2) Rehydration – Research is good on this one. You must do it to recover well. Studies recommend the inclusion of a liquid that contains sodium (50 mmol/L) along with some potassium and carbs (sugar). Plenty of sports drinks out there will suffice, but make sure that you are getting enough, meaning that you have to intake as much fluid as you lost. One 16oz sports drink directly after training/game + another 75-120 ounces of water throughout the day.
3) Tapering – this is the preferred method of recovery tactics by most coaches and clubs around the world, as this will allow for consistent training and improvement without breaking a rhythm that players may have in mid season. Tapering is the idea that reducing training volume (total time/length) or intensity (%max effort) a certain amount during concurrent training sessions will allow for consistent recovery throughout a given week. All coaches and teams should be doing this in their respective training weeks, and can result in up to a 6% training improvement during that same week.
4) Compression – Ever seen NBA players wearing tights and long sleeves under their uniforms…or how about the runners that wear the socks that only cover their calves? Well, as cool as they look, they do serve a purpose. These compression sleeves and shorts (most often used by soccer players) are great for fending off strawberries while slide tackling and lending support to the muscles, in order to eliminate swelling. This reduction of an inflammatory response does wonders for staying away from soreness and getting back into game intensity in back to back days. However, if you want to utilize compression between training or games, compression only works for the parts of the body that are…uh, compressed. So, dress all the way from hips to ankles for best results.
5) Cool Down – I know, you never stretch after you train. You are tired, dirty, hungry, and couldn’t care less what your coach has to say about the missed shot you had inside the six yard box. Well, this is going to be the very best, and easiest way to ensure you are recovering properly. All of the processes and chemical releases that occur during intense exercise leave micro tears and damage throughout your muscles. Your hammies are in dire need of adequate blood flow to give them the nourishment to get better and the very thing that they want to do is to contract to a shortened length. Stretching passively (someone else) or actively (by yourself) shows great effect to give your muscles exactly what they need for immediate relief.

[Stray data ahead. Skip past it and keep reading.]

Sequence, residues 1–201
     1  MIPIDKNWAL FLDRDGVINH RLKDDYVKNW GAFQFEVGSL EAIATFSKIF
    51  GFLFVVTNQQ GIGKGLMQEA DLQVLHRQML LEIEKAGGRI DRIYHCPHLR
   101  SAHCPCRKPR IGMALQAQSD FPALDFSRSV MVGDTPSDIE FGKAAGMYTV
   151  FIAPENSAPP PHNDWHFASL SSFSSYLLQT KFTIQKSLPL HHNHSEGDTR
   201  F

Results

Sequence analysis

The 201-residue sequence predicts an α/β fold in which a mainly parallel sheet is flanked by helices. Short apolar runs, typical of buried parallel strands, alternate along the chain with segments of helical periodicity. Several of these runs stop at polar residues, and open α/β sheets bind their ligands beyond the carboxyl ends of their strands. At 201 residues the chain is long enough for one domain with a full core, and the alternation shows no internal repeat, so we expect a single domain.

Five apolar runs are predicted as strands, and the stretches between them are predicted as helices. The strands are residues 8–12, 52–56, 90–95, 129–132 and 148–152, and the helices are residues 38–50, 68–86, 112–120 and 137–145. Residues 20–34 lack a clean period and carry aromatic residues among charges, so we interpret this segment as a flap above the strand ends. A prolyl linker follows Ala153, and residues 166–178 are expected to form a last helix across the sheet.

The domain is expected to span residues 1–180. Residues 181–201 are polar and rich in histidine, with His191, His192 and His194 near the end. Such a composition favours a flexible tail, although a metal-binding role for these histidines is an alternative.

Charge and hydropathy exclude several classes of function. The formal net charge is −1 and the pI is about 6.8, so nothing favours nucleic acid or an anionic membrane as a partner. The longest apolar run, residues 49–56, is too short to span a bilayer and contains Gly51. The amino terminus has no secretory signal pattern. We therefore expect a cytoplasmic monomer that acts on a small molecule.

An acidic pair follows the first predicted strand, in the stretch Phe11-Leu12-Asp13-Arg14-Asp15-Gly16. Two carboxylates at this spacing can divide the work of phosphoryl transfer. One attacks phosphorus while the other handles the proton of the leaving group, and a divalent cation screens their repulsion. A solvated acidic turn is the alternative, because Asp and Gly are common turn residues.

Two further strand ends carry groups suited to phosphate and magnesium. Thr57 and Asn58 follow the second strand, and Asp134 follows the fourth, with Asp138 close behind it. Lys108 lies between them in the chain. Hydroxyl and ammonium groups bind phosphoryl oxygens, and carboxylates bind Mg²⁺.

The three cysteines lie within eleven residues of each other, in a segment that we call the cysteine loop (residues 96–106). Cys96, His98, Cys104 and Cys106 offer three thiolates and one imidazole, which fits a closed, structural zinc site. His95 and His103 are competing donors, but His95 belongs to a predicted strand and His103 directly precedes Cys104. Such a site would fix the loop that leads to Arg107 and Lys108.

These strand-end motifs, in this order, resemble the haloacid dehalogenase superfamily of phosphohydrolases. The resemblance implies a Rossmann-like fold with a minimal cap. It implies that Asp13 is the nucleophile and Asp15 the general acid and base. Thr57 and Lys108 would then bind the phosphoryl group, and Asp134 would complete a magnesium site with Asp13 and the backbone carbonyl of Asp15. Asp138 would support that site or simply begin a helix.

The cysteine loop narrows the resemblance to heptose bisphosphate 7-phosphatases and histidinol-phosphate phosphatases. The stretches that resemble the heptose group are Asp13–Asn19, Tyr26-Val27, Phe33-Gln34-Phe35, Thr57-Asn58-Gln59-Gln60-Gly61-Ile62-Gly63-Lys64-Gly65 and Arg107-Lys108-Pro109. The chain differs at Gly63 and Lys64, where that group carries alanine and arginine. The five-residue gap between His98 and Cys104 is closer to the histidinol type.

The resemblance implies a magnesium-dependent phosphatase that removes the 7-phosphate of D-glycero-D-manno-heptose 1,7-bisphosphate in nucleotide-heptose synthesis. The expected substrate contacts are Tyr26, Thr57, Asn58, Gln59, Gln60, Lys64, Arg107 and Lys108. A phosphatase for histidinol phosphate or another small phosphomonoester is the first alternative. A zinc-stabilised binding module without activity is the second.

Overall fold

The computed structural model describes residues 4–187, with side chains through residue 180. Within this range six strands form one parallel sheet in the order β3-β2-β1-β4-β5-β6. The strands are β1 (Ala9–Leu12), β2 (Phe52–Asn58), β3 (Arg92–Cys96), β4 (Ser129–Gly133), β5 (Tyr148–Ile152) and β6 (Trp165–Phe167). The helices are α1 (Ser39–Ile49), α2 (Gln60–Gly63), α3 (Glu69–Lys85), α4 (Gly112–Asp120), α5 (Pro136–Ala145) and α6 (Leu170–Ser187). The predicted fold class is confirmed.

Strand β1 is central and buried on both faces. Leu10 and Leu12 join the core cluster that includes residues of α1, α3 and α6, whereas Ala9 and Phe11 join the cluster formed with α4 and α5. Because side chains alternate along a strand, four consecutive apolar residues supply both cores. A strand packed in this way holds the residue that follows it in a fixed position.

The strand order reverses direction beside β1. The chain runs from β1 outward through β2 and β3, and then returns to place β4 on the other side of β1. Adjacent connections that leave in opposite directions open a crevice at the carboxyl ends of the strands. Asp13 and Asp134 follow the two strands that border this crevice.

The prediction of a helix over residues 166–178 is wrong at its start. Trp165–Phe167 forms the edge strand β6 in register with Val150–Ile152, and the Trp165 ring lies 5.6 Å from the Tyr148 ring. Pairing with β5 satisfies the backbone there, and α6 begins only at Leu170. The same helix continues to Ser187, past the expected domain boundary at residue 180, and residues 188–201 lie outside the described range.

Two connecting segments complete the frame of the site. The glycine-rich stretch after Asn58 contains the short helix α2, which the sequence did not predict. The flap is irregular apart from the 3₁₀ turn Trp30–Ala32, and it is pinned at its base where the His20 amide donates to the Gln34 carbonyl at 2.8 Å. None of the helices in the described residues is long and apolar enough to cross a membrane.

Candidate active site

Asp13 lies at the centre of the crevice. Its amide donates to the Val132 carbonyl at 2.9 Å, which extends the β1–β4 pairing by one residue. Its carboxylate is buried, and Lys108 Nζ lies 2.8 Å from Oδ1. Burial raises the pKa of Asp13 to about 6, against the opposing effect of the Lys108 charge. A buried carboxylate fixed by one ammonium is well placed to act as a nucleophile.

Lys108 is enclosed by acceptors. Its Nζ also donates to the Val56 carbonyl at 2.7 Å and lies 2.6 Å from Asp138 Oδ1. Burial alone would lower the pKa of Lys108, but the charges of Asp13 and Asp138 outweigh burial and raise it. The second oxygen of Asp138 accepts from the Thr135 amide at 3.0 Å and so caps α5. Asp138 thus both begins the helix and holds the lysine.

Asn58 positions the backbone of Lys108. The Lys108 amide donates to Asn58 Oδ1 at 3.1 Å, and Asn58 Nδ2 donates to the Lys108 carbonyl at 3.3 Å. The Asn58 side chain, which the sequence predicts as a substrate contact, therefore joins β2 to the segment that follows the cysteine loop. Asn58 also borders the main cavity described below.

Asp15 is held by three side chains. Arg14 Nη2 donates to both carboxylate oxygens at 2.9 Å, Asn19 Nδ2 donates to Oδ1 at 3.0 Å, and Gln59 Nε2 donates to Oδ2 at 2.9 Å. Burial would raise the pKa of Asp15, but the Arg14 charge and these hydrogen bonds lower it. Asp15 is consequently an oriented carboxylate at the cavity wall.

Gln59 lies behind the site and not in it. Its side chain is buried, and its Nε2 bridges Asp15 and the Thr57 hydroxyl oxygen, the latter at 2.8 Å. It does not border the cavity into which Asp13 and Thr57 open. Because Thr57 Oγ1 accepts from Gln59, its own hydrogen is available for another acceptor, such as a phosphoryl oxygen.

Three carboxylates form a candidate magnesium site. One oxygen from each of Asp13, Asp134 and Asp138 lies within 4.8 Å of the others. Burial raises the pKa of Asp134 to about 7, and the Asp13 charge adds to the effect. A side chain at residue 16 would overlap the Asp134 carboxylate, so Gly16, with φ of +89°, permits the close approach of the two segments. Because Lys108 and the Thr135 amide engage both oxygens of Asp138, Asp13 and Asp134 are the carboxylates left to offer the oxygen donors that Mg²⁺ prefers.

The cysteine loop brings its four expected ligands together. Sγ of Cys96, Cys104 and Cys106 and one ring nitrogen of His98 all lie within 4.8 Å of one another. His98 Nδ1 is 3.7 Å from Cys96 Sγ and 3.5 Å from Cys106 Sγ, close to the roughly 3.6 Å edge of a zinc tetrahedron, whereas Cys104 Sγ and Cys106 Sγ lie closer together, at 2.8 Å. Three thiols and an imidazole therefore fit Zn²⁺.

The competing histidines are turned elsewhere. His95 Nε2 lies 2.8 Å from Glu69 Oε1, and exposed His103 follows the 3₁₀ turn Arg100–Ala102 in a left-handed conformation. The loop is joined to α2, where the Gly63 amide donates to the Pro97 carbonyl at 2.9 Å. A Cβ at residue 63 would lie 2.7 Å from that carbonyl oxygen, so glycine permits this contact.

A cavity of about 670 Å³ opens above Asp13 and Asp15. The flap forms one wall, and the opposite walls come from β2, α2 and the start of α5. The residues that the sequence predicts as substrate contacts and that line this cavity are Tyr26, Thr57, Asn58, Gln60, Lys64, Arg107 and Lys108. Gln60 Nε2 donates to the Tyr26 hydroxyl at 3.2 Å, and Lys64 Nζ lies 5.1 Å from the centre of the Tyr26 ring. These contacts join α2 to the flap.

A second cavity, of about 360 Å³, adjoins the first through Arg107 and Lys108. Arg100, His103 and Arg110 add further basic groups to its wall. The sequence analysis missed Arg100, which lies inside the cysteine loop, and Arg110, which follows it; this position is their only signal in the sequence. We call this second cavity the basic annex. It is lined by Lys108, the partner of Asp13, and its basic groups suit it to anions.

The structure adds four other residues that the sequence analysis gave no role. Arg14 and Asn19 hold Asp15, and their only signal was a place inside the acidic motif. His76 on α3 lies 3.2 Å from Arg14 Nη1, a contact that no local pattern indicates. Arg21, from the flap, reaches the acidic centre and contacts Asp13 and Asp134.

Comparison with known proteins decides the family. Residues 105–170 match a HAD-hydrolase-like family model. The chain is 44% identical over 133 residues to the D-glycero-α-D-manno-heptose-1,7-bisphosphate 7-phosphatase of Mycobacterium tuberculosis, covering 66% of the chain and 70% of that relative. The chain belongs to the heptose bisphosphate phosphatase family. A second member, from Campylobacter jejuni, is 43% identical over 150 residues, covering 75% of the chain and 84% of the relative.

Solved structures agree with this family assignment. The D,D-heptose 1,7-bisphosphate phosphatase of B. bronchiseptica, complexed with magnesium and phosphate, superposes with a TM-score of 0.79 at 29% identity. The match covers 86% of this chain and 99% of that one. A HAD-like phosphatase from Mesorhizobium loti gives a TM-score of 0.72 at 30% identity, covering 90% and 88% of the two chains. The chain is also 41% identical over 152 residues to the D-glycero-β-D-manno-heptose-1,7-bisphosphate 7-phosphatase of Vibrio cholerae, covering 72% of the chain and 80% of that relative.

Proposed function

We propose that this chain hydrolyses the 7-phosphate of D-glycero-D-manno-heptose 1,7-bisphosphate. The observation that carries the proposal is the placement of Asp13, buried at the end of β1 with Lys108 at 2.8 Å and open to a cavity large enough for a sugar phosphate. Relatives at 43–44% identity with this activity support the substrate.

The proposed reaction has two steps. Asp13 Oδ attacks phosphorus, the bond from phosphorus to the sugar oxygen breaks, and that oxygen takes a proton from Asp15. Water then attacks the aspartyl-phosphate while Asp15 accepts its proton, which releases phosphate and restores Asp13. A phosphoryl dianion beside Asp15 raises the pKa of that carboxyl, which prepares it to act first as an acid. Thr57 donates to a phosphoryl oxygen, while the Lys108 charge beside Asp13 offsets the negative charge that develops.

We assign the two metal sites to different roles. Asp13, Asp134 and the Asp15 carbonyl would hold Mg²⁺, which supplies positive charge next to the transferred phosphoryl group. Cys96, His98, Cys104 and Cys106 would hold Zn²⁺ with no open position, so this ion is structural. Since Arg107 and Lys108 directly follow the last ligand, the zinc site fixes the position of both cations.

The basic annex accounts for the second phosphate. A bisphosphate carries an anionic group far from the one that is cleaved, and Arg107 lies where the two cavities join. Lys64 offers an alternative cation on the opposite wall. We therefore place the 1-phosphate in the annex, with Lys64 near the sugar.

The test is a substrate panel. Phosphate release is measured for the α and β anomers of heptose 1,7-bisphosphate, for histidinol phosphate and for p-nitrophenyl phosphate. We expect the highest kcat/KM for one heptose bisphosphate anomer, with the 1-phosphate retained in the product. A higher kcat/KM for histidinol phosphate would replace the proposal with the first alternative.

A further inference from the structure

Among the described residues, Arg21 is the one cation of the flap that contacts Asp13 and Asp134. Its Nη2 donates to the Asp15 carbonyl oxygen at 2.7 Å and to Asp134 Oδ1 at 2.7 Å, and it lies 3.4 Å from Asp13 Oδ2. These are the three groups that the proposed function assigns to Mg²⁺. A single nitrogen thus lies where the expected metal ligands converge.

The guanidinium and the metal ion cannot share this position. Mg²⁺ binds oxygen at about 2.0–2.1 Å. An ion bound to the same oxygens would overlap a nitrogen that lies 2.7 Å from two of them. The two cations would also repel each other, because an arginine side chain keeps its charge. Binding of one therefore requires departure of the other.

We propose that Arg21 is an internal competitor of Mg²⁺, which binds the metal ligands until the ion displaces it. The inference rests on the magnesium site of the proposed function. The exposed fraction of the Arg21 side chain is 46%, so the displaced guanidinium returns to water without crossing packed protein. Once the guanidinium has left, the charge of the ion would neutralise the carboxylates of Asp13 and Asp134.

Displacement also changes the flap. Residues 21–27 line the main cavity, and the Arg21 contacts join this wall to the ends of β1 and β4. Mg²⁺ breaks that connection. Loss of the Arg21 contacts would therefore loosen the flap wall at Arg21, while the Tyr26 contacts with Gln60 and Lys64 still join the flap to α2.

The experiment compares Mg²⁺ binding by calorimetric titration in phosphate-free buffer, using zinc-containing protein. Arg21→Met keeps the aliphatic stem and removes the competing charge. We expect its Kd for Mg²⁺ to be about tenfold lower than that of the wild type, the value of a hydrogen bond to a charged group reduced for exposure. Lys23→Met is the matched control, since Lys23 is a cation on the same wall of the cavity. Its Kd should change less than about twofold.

6) Ice baths – also known as cryotherapy, is a favorite way for college players to get the biggest bang for their buck between 2-a-days. As much as it is horribly annoying, dunking your legs in a bucket of ice for 15 minutes has shown great effect for reduction of swelling and soreness, as well as keeping you awake faster than a Starbucks vente with 6 shots of espresso. Bad news is that the evidence that this is anything but just a mental prank is conflicting. However, it does show definitive sleep enhancement and if you feel better and sleep better then most likely you will recover better.
7) Hyperbaric Chambers – this is for all of the million dollar players out there that do not have a claustrophobic tendency. The idea that creating more oxygen and atmospheric pressure in the air around you forces your body to intake and use the benefits of oxygen has some pretty awesome results. Just 10,000 dollars and a good nights rest in a coffin like chamber will have you playing your best for the next high school over time thriller.
8 ) Massage Therapy – a whole new industry has popped up around this idea. Hands on therapy used to manipulate the muscle and soft tissue that were damaged from training, making it possible for swelling and destructive elements in the local area to leave and the good stuff to get in quicker. If it doesn’t work, don’t tell anyone, because this just feels so good that I am willing to over look it.
9) Ergogenics/Supplements – Creatine, amino acids, Flinstone vitamins, and ginseng have all been researched and shown mixed results. My advice is to stick with something inexpensive, easy, and at least shown some good potential, such as taking a good quality multi-vitamin containing iron and folic acid a few hours after training.
10) REST – doing nothing may be the toughest thing to include in your routine, but just may be the best for you. Some studies show that the body is not able to recover fully from intense exercise for up to 72 hours or more. The modalities above will shorten this process, but you can never go wrong by just relaxing and letting your body do its thing.
My advice and the best recipe for the most effective recover would be, as follows: Post Training, in order to be ready for the next day…stretch while drinking a Gatorade before leaving the field, all while wearing compression shorts during the session. 3o minutes following training, eat a meal that includes whole wheat carbs, a lean protein, and 16-14 oz. water while submersing your waist down in 15 degree water. 2 hours following training take a multi-vitamin (with iron), stretch, and foam roll all lower body muscle groups. Lastly, probably the most important aspect of recovery and training progression is to track your readiness to train. We utilize our own version of an online marker of session rating of perceived exertion and a daily wellness questionnaire in order to get an accurate picture of how the body is reacting from training and lifestyle habits to create a super athlete.
Till next time